Julie Rrap, “Beating your Breast” Plate [detail], 2019. Bronze and steel, edition of 3, 106 x 40 x 28.5cm. Courtesy: the artist and ARC ONE Gallery, Melbourne.

Leading Australian contemporary artist Julie Rrap reinvigorates bronze with a nod to historical military regimes and politics. In her latest show Twisted Logic presented by Melbourne’s ARC ONE Gallery, Rrap takes as her central theme the historical process of melting down bronze sculptures and artworks to create weapons and armour during times of war. From Ancient Greek and Roman times to World War II, bronze and metal sculptures have been melted down to make weapons for war or new artworks suiting the tastes of the men in power. Rrap has translated this history in her latest works, articulating the ambiguous relationships which can exist between culture and politics. For this body of work she has cast her own body in bronze through a technique of direct silicon moulding, transforming an ordinary sculptural pose into objects which blur the boundaries between body and weaponry or armament. By transfiguring body and weapon Rrap has created a space of uncertainty in which her body becomes objectified and the object personified. Squashed breasts are suspended on a military style vest; serene faces form half of a helmet head piece; fingers are presented as bullets; and cellulite and vein clad legs are displayed as leg armour. Toying between vulnerability and strength, her works highlight the conflict between culture, art, politics and war which are seemingly never in harmony.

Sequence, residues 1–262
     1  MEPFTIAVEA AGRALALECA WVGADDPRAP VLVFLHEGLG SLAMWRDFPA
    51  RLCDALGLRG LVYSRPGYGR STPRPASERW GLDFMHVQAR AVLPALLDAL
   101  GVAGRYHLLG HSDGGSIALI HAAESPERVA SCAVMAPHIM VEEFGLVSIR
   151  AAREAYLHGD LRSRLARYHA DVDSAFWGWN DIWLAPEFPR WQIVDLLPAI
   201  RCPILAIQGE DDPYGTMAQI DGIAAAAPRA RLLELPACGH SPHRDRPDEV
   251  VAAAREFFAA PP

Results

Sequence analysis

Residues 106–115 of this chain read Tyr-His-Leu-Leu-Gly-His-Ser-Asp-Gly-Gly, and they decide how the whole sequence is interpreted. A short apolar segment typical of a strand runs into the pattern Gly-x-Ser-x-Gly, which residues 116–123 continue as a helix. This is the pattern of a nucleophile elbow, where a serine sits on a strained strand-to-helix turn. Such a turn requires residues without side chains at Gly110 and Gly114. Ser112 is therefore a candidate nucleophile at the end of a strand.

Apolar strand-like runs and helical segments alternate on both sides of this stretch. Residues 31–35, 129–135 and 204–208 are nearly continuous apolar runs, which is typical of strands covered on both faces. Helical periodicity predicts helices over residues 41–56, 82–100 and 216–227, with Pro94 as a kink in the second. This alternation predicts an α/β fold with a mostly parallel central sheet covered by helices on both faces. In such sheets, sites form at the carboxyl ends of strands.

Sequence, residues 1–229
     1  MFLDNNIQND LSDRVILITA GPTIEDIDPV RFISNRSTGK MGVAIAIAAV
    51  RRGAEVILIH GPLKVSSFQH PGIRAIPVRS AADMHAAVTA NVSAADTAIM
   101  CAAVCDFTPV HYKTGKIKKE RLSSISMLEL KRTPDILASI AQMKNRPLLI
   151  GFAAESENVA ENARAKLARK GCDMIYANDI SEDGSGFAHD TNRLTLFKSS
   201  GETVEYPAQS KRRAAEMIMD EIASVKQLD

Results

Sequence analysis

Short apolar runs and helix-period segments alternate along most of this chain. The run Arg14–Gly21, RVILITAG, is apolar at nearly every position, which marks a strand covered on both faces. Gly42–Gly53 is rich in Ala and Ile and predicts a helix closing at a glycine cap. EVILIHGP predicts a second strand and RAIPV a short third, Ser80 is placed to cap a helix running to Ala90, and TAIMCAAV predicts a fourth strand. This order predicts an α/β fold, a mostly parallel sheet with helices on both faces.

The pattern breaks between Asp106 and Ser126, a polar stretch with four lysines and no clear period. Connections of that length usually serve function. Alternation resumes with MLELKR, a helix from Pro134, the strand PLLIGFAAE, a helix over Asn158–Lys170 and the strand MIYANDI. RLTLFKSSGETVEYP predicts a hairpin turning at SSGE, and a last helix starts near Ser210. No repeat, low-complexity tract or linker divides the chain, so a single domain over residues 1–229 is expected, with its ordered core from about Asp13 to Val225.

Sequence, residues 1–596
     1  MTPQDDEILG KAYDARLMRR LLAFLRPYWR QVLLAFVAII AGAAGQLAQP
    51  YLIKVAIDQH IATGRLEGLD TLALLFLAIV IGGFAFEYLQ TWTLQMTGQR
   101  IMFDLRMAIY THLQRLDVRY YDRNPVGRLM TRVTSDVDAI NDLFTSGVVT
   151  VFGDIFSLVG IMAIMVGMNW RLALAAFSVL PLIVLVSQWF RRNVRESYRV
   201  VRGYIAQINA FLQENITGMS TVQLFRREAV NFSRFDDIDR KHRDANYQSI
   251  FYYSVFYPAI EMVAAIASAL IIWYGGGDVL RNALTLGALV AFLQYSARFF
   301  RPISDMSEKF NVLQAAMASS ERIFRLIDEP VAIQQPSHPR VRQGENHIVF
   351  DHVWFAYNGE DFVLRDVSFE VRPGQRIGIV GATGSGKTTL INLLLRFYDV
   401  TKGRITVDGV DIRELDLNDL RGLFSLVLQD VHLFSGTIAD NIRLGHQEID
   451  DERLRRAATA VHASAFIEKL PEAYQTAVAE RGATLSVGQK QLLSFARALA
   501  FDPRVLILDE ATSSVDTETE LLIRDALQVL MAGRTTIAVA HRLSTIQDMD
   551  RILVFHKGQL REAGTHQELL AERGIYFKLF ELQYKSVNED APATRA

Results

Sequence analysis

The bronze sculptures project a nature of preciousness with their sleek surfaces and carefully mounted presentation, it’s as if they are centuries-old relics on display at a museum, yet they speak of their contemporary inception. Works like ‘Back to the Wall’ 2019 and ‘Thunder Thighs’ 2019 exist in a suspended performative state between forming and un-forming. They are frozen in a transformative process yet what they are transforming to or from is unclear – are they being created or destroyed? While her sculptures are inherently personal, literally displaying casts of her thighs and breasts, they also speak of the wider ongoing struggle in which the potential of art to question and challenge politics can be silenced through destruction. While art can both manipulate and be manipulated by real world situations, Julie Rrap’s latest works suggest that art can break through conflict in new and sometimes more enlightened ways. This exhibition was a gentle and beautiful reminder that history informs our present and determines our future.

Images from left to right: Julie Rrap, "At Arm's Length" Grip, 2019. Bronze, edition of 3, 10 x 28 cm x 53cm; “Back to the Wall” Shield, 2019. Bronze, edition of 3, 59 x 39 x 18cm; “Thunder Thighs” Shield, 2019. Bronze, edition of 3, 28 x 46 x 8cm. Courtesy: the artist and ARC ONE Gallery, Melbourne. Photograph by John Gollings.

Rosy Leake


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